By Shilpa Rajbahak
The trend of smoking cigarettes is back with a new look. It’s not that regular old cigarette that releases smoke or needs to be lit up anymore. With growing electronics in this era of technology, even cigarettes have caught up. Like most other electronics, the use of e-cigarettes or “e-cig” has grown in the United State.
"The Tobacco Vapor Electronic Cigarette Association estimates about 4 million Americans now use battery powered cigarettes,” ABC News reported. And the number of U.S. middle and high school student e-smokers has doubled between 2011 and 2012.
The cigarettes companies advertise their products effectively, attracting the younger generation with varieties of flavors and colors. “Currently, there are more than 250 brands of "e-cigarettes" available in such flavors as watermelon, pink bubble gum and Java, and in more colors than the iPhone 5C,” according to ABC News.
As a result, BHS has recently applied the tobacco policy to e-cigarettes, effectively making them illegal in school. BHS made the right decision by making this school policy stricter.
Several health issues have been related with the use of e-cigarettes. Health problems can easily impact the education and academic performances of the students in an adverse way. This new policy will aid to decrease health issues of students that can stand as an obstacle in future.
Many cigarette smoking students seem disappointed by this new policy. They argue that e-cigarettes helps them quit smoking. These students view e-cigarette as a better health alternative than using tobacco. But, sadly their belief aren’t factual. Not many researches have been conducted and from the few that has been conducted, don’t prove the safety of the e-cigarettes. Therefore the belief of e-cigarette helping to quit smoking still remains as a theory.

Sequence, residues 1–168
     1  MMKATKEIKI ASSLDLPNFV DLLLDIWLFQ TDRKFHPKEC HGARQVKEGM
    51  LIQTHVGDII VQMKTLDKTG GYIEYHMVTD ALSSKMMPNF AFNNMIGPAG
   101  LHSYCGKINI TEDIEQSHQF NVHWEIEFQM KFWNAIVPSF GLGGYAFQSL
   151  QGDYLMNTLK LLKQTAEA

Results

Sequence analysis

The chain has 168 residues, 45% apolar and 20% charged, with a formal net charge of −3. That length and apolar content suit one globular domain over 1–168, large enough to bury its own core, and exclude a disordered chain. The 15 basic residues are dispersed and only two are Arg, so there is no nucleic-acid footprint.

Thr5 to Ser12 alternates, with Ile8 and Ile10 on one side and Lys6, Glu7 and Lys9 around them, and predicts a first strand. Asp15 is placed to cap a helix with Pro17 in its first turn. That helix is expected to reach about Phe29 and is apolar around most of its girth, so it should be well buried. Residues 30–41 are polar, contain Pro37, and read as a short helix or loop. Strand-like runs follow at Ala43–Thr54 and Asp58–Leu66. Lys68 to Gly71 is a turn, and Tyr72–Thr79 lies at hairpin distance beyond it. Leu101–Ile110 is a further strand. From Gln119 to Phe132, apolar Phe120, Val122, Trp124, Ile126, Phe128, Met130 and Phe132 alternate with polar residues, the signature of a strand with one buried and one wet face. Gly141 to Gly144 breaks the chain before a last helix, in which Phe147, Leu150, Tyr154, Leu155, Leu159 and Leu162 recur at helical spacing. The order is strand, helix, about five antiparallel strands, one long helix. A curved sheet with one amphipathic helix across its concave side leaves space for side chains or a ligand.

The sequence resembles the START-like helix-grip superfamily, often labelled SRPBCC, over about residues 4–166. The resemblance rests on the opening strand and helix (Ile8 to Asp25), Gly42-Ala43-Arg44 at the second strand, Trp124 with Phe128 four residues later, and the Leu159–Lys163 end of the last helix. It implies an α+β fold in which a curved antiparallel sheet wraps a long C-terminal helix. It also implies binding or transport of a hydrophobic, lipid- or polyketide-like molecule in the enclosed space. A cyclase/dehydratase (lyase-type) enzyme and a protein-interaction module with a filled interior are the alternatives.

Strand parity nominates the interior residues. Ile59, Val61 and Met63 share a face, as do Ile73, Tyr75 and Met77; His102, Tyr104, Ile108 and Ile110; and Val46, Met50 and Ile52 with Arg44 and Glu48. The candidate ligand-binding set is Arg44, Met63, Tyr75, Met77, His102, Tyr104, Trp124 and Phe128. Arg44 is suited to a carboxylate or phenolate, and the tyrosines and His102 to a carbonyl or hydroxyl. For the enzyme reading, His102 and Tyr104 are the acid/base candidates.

These students blinded by the advertisements and peer pressure, have no idea of the dangerous chemicals used in the product. The Huffington Post reported that “A 2009 FDA analysis of e-cigarettes from two leading brands found that the samples contained carcinogens and other hazardous chemicals, including diethylene glycol, which is found in antifreeze.”
Other brands have not gone through a scientific analysis yet. Researchers all around the world have conducted varieties of experiments with e-cigarettes. After similar testing, USA Today pointed out that “the University of Athens in Greece found e-cigarettes caused breathing problems or ‘significant airway resistance’ after 10 minutes of use in eight non-smokers and 11 smokers with normal lung function. They found no immediate lung effect in the 13 smokers tested who have either asthma or chronic obstructive pulmonary disease.” Since it takes longer period of time for e-cigarette to affect the smokers than non-smokers, it provides more time and opportunity to stop e-cigarettes’ popularity.
Along with chemicals involved in smoking e-cigarettes, the public is unaware of the manufacturing conditions of them. Researchers followed the path of manufacturing of e-cigarette and found that they were manufactured in China under no control conditions. So, how can this product be trusted to do any benefit to humans, especially high school students?
According to Richard Hurt, M.D., director of Mayo Clinic's Nicotine Dependence Center, the story of e-cigarette is not yet complete. Too many factors are unknown to make this invention acceptable for public use. FDA still fights for these e-cigarettes to be banned until proven safe or categorize it as a regular cigarette and apply the same laws.
Even if e-cigarettes do not contain tobacco, they should still fall under the tobacco policy in BHS. This policy will keep all the students and teachers of the building safe and away from addictive drugs such as nicotine found in all cigarettes. Hopefully, it will also encourage the students to stay away from such injurious and hazardous trends.
What do you think?
Editor's note: BHS student Shilpa Rajbahak wrote this editorial in response to the school's change in policy aimed at electronic cigarettes. Her views do not necessarily reflect those of The Branford Buzz.